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• specifying the measures to be taken by staff to protect personal data used outside

office premises, e.g. encryption of personal data stored in electronic form and the

prompt return and erasure of the personal data after use; and

• providing proper training, guidance and supervision to the staff.


Another similar incident was reported in March 2009.


According to the police, some

police officers had used their personal computers to prepare police reports but

unfortunately the reports stored in their computers were leaked through Foxy to other

internet users. To prevent the recurrence of similar incidents, the police agreed to take

remedial action including the setting up of a working group to identify information

security risk factors; informing the Commissioner and the affected subjects of all data

breach incidents; instructing all information systems security managers to conduct

checks and inspections on all police terminals; reviewing police policies and relevant

manuals on information security and data protection; exploring technical solutions to

guard against data leakage; carrying out periodic sanitisation and inspection of all

police common terminals to remove unauthorised data, etc.


However, despite such remedial action, further breaches by the police were discovered

and reported by the media in August 2011 and September 2012, which again involved

the leakage of personal data on the internet through Foxy. As a result, the Commissioner

conducted an investigation in October 2012.


Even though human error was found to

be the direct cause of the relevant data leakage, the Commissioner pointed out the

importance for organisations to institute comprehensive internal training and awareness

programmes for their staff. Data users must be prepared for the initiative that the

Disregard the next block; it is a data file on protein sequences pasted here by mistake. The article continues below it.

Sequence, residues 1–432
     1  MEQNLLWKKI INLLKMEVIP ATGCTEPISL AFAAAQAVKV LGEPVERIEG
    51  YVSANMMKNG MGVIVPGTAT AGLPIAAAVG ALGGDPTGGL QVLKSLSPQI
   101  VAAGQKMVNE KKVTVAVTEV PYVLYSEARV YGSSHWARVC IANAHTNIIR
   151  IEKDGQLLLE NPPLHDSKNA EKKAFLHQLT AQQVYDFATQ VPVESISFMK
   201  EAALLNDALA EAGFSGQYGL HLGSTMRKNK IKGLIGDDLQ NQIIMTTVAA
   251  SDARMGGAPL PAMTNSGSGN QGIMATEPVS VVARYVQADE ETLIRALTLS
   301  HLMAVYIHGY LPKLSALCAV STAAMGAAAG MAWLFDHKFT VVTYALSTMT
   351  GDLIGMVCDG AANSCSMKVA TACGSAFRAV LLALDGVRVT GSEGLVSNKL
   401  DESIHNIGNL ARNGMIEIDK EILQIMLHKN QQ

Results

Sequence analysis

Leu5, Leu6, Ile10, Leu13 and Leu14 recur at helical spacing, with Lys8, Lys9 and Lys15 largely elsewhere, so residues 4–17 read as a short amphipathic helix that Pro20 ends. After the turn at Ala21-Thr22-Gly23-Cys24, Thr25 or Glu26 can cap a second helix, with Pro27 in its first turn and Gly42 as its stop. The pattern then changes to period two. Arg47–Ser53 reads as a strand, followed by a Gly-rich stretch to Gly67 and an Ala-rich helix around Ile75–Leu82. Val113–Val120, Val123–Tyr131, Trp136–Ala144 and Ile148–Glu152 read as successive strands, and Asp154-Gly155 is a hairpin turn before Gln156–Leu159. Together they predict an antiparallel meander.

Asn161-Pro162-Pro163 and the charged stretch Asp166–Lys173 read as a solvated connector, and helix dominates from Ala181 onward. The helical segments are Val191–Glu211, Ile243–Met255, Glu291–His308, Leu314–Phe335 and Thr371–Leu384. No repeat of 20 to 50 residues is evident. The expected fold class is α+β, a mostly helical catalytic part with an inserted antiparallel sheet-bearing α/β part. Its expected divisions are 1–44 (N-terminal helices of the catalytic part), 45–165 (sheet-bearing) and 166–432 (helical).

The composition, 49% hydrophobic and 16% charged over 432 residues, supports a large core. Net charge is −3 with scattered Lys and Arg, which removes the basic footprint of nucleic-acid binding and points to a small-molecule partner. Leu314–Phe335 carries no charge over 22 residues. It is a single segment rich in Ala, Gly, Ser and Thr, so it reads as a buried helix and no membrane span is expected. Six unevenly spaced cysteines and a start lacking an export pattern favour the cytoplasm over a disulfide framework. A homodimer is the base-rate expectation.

Commissioner will readily take to examine whether effective measures have been

adopted to minimise human error.


In another investigation


conducted against the police, the loss of police notebooks

and fixed penalty tickets containing the personal data of 285 individuals including

victims of crimes, witnesses and suspects was involved. It was also found that the

incidents not only involved negligence or carelessness on the part of the police officers

concerned, but also gross insufficiency in the operational procedures of the police and

notable deficiencies in their supervision and monitoring systems. The Commissioner

concluded that the police had contravened DPP4 and served an enforcement notice

on the police requiring them to adopt various measures to establish supplementary

security procedures to prevent leaks and to tighten supervision. The police were further

advised to undertake a general review of their equipment and uniform used for holding

or conveying police documents, and to step up their training, incentive and disciplinary

programmes to promote compliance with the police’s policies and procedures in

relation to privacy and data protection.


See media statement issued by the Commissioner on 9 March 2009, available on the Website:


See Investigation Report No. R13-15218, available on the Website:


See investigation Report No. R13-0407, available on the Website: